It presents the research methodology and procedures used to gather data for the study. The different measuring tools are outlined and the different variables they assess are explained.

Chapter 4: Results and data analysis

The results of the analysis and findings which have emerged are outlined in this chapter. It consists of detailed descriptions derived from the data obtained through the survey and it also displays data visually, using a number of different formats, such as tables, bar charts, pie charts and others.

Chapter 5: Discussion

The results obtained from surveys will be interpreted with regards to the literature review.

Chapter 6: Recommendation

This chapter contains the recommendations of the study which addresses the limitations present in the research and proposes some measures. This allows incorporating the information generated by the study.

1.4 An overview of the health sector in Mauritius

Mauritius is among one of the few countries in the world where health care is provided free of charge at the point of use to the entire population (Kassean & Juwaheer, 2010). Under the aegis of the Ministry of Health and Quality of Life of Mauritius (MOH & QOL), a regionalized system of health services operates in the country in order to support an extensive network of accessible health care institutions and ensure that a competent health service is delivered to the Mauritian population. Being the employer of the public health system, the MH&QOL coordinates the performance of all the staff working under its auspice (Health Statistics Report Mauritius, 2013).


Number of employees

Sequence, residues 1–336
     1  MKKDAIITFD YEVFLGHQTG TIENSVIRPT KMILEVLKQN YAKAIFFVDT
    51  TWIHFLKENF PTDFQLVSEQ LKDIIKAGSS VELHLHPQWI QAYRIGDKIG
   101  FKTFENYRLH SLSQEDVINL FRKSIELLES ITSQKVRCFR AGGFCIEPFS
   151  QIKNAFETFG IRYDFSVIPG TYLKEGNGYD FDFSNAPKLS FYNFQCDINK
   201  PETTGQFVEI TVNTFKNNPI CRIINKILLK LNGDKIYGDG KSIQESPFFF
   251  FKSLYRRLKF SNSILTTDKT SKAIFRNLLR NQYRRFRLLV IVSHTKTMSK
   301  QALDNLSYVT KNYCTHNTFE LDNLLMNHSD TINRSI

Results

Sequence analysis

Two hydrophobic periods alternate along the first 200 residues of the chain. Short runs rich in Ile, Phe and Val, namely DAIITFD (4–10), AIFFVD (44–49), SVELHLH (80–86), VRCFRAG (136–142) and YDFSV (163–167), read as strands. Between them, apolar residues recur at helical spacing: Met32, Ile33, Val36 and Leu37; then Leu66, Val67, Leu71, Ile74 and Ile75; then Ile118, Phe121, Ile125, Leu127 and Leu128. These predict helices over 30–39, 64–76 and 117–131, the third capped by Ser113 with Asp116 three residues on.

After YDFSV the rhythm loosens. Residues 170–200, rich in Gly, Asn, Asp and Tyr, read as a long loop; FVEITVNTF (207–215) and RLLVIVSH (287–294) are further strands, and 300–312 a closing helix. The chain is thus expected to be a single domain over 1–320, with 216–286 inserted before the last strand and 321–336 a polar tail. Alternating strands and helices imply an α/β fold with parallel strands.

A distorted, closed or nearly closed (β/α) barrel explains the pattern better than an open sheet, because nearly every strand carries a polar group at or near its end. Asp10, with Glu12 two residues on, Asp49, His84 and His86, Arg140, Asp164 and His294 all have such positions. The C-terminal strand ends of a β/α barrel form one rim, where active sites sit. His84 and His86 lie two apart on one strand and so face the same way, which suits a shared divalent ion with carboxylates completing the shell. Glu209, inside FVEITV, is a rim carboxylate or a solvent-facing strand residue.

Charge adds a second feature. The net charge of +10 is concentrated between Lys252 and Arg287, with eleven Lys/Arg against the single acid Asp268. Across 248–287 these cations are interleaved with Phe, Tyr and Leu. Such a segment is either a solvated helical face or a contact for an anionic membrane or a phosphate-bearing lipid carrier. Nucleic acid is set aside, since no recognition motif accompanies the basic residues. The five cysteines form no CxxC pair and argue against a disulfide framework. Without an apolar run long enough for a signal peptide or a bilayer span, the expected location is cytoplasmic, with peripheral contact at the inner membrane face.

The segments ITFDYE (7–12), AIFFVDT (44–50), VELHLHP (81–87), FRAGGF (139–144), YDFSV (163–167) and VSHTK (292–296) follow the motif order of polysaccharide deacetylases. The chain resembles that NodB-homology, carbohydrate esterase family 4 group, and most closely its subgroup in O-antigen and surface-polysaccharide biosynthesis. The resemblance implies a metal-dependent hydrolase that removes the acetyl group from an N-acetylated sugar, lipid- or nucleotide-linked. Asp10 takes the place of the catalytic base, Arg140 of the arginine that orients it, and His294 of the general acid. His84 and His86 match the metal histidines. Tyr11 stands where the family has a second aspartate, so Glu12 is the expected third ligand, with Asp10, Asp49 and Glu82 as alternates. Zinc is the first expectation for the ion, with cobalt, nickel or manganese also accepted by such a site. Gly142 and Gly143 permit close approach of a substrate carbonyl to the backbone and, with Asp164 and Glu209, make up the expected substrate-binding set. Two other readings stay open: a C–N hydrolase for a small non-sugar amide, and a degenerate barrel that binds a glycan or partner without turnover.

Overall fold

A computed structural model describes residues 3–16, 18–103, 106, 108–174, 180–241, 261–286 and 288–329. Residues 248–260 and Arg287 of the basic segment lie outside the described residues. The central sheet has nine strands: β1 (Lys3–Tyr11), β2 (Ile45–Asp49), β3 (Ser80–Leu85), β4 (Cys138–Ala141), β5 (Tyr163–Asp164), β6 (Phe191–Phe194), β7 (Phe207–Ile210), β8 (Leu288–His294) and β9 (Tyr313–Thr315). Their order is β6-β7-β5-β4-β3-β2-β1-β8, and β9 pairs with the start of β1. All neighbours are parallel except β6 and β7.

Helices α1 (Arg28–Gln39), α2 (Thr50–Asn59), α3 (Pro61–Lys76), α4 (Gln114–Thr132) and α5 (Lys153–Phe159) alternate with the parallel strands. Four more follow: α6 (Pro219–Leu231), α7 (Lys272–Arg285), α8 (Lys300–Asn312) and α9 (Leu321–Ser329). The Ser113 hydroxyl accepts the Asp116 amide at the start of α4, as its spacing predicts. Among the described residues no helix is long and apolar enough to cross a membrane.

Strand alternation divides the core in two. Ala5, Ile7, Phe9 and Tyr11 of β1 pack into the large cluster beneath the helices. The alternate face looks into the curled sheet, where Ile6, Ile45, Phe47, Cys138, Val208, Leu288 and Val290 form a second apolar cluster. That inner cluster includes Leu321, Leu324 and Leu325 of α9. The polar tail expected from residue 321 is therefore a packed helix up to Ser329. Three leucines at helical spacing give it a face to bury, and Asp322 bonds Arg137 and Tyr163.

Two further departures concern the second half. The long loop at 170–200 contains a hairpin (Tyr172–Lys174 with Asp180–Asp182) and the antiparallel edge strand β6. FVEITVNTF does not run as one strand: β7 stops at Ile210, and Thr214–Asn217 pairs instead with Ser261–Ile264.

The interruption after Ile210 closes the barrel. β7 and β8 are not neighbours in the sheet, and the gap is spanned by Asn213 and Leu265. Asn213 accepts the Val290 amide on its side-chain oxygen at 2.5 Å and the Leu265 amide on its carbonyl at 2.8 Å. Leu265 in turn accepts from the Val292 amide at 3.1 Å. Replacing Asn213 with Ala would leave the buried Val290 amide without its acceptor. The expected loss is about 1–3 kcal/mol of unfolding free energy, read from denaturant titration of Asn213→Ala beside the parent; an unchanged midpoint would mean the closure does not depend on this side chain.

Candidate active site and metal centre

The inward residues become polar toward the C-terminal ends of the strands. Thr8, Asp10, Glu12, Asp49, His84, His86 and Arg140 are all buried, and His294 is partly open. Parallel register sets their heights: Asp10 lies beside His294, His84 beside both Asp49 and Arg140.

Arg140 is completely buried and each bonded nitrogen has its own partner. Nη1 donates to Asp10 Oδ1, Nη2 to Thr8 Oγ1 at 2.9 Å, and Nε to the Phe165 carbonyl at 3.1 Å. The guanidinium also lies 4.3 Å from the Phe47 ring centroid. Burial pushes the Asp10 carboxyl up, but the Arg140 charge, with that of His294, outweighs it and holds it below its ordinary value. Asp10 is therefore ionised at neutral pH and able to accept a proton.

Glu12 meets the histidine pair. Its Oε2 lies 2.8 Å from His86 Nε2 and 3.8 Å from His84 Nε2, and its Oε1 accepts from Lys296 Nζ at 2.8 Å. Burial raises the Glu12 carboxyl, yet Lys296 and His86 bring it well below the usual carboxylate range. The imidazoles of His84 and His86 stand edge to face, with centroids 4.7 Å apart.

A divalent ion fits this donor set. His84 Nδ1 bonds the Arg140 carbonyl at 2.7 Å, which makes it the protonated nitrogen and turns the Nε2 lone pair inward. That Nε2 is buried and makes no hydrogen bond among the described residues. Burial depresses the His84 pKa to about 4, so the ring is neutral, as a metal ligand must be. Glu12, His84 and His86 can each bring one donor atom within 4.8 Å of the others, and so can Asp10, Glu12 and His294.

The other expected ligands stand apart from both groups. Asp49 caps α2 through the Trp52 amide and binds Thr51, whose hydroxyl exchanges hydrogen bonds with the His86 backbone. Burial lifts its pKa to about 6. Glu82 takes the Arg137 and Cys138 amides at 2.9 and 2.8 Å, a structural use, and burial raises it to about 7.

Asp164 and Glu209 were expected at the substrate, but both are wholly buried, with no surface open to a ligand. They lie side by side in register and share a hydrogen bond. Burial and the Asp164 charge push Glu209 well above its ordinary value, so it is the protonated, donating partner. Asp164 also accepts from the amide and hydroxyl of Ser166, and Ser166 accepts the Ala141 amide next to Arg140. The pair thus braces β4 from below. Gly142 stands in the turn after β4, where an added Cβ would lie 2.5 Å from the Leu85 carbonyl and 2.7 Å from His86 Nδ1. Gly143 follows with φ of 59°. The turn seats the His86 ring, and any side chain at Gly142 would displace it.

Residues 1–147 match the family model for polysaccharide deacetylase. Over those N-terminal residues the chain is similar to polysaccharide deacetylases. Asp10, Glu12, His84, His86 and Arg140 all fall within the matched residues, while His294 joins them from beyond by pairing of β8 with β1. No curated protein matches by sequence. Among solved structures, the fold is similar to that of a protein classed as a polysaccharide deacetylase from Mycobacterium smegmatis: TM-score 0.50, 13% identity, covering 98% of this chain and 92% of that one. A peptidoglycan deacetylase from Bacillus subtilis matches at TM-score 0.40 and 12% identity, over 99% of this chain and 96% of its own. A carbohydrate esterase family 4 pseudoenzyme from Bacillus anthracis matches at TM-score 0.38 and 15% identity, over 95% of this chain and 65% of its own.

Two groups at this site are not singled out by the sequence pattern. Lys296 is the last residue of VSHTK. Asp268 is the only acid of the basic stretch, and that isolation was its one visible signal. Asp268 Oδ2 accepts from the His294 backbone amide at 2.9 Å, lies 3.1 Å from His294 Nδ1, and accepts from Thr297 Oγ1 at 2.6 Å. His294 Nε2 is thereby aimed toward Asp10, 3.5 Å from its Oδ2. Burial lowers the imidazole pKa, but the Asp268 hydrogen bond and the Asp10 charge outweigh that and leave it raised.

Nurses (including midwives)


Population of Mauritius = 1, 218, 060

Source: – Health Statistics Report of Mauritius (2013)

According to the World Health Cooperation Strategy of Mauritius (2008-2013), health care system of Mauritius operates on 3 levels.

Level of health care service


  1. Primary

2 Community Hospitals

5 Medi-clinics

19 Area Health Centres (AHC)

116 Community Health Centres (CHC)

  1. Secondary

Two district hospitals :

  1. Mahebourg Hospital
  2. Souillac Hospital

Five regional hospitals:

  1. Dr A. G. Jeetoo Hospital
  2. Flacq Hospital
  3. Jawaharlal Nehru Hospital
  4. Princess Margaret Victoria Hospital
  5. Sir Seewoosagur Ramgoolam Hospital
  1. Tertiary

Five specialized hospitals:

  1. Brown Sequard Mental Health Care Centre
  2. Poudre d’or Hospital
  3. S. Bharati Eye Hospital
  4. Ear Nose and Throat Centre
  5. Cardiac Centre

1.4.1 Primary Level

These peripheral health units are the first points of contact. Basic services offered include treatment of common injuries and diseases, maternal and child care and family planning. Upon necessity, cases are referred from these centres to regional or specialized hospitals for further investigation follow up and care of specialist doctors (WHO Cooperation Strategy Mauritius, 2008-2013).

1.4.2 Secondary Level

Curative health services are delivered through the two hospitals at the district level. The five regional hospitals provide services which include accident and emergency services, general medicine, general and specialized surgery, gynecology and obstetrics, chest medicine, orthopedics, traumatology, pediatrics and intensive care services. Radiotherapy services are provided at Victoria Hospital. The ‘Service d’Aide Medicale d’Urgence’ (SAMU) is attached to each Accident & Emergency Department and operates on a 24-hour basis (WHO Cooperation Strategy Mauritus, 2008-2013).

1.4.3 Tertiary Level

It is the highest level. Specialized health care is available at these five hospitals. All of them operate on a 24-hour basis. Complicated cases are referred to these centres for further management. The Brown Sequard Mental Health Care Centre is a psychiatric hospital with 803 beds. The Poudre D’or Hospital is a Centre where severe chest diseases are treated. It also serves as quarantine for tuberculosis patients. The S. Bharati Eye Hospital is responsible for treating complicated eye diseases and carrying out major and minor ophthalmic surgeries. At the Ear Nose and Throat Hospital, conservative management as well as a wide range of surgeries is accomplished. The Cardiac Centre is a 53-bedded institution, specialized in cardiac surgery and invasive cardiology. It also provides a neurosurgical service.